Although he never busied himself in the party politics of the day, he firmly maintained the principles of true loyalty by honouring the King, by submission to the laws of the land, and obedience to Magistrates and Governors. He disliked great changes, and studied to conserve the constitution of his country, and its time-honoured institutions ; those, especially, which contribute to secure the interests of true Protestantism, and to stem the tide of infidelity and irreligion.

Many who knew Mr. Lomas in his most vigorous years, agree in the statement that he was one of the most diligent, industrious, and persevering among men. Mrs. Lomas (who is, of course, best qualified to speak on this point) says she does not remember to have seen him unoccupied five minutes. Invariably rising early in the morning, and continuing diligently employed, either in the business of life, or in the more direct service of his God, until a late hour at night, he fulfilled the purposes of life in an earnest, brave, and Christian spirit.

The providence of God continued to mark out his path with innumerable blessings. The eminent qualities and virtues of his dear wife shone in her discharge of domestic and maternal duties ; while he set before his happy family the bright example of a holy life. In the relations of life he was a pattern of excellence : as a husband, a father, a friend, and a citizen, he commanded the highest admiration. Much of his time was spent among the poor, and he ever proved himself a benefactor of the neighbourhood in which he lived. His bounty was bestowed without ostentation, and measured according to his regularly-increasing means. It was exercised, at the same time, with wise discrimination, and a sagacious insight which generally guarded against the abuse of charity. One instance may illustrate this beautiful trait. A man who owed him £15 absconded to America, leaving his wife and five children unprovided for. After some years he sent for her to follow him. Mr. Lomas, who had allowed her to live rent-free, and for a length of time had daily assisted in the maintenance of her helpless family, now generously paid for her passage.The sick he unwearyingly visited by night and by day, braving all weathers and dangers ; undismayed by the prevalence of contagious disease ; and willing to explore the most loathsome habitations.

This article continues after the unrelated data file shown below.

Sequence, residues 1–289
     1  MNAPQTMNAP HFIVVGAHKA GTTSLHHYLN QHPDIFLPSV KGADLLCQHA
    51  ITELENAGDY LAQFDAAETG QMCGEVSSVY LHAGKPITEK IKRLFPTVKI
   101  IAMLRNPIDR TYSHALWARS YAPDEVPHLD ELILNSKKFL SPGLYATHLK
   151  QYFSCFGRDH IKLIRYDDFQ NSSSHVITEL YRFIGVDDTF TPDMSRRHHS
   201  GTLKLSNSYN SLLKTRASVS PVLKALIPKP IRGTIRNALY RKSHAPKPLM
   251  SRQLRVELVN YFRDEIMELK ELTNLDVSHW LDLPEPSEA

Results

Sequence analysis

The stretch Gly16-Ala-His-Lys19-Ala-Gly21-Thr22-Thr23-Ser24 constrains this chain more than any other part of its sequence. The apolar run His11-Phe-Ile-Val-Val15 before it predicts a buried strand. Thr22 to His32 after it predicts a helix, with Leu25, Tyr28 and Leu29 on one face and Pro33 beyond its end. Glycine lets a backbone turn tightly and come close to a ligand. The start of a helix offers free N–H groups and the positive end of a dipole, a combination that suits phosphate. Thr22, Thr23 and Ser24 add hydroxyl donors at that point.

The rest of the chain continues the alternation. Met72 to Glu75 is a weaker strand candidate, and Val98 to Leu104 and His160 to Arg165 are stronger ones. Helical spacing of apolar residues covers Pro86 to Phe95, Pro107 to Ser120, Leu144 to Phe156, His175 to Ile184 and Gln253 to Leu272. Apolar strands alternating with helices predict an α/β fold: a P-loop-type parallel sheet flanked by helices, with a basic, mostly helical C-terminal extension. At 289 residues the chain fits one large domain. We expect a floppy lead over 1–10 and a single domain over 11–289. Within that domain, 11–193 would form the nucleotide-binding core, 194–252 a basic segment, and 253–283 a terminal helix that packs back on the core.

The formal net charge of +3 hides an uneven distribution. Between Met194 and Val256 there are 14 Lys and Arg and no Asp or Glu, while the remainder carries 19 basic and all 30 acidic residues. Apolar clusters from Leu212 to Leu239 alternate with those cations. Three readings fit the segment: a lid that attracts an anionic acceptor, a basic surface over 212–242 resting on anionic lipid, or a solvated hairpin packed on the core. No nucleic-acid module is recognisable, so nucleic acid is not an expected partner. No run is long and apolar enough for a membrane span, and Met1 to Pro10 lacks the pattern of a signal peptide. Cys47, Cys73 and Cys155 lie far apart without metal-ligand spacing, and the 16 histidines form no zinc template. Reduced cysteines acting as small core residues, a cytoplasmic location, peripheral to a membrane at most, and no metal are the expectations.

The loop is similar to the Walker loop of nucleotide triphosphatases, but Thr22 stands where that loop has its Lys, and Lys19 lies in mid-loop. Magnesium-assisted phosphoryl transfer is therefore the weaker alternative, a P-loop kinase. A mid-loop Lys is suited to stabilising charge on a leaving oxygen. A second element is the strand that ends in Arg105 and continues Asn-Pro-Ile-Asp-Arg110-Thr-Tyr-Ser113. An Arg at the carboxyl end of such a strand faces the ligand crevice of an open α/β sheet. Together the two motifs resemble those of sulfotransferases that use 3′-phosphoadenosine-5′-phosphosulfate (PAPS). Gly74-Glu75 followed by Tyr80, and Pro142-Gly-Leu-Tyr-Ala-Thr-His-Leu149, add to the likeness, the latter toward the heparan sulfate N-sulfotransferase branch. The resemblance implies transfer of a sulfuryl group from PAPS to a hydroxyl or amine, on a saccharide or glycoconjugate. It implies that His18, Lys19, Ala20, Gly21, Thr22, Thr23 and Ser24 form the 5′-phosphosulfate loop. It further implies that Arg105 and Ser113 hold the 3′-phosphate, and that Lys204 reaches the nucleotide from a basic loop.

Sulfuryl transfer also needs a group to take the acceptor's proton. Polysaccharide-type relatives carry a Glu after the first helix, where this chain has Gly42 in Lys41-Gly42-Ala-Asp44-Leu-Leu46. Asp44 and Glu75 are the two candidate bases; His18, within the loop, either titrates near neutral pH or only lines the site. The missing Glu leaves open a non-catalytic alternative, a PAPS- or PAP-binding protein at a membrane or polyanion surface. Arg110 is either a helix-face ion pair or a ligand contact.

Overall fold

His benevolence was large and catholic. Bible and Missionary Societies, schemes of chapel-building, and the institutions of humanity in general, he was prompt to aid. To quote his own expression, he loved “to have a brick” in every chapel, school, or other erection sacred to the improvement of his fellow-men. In works of charity and mercy, and in the high and solemn duties of the Christian life, did this good man pass the flower of his days. Like his Lord and Master, he “went about doing good.” By counsels and instructions, by earnest entreaties and warnings, and by a holy walk and conversation, he constrained many to acknowledge the power of religion.

During the course of his life Mr. Lomas experienced several signal deliverances from imminent peril. He had an escape from shipwreck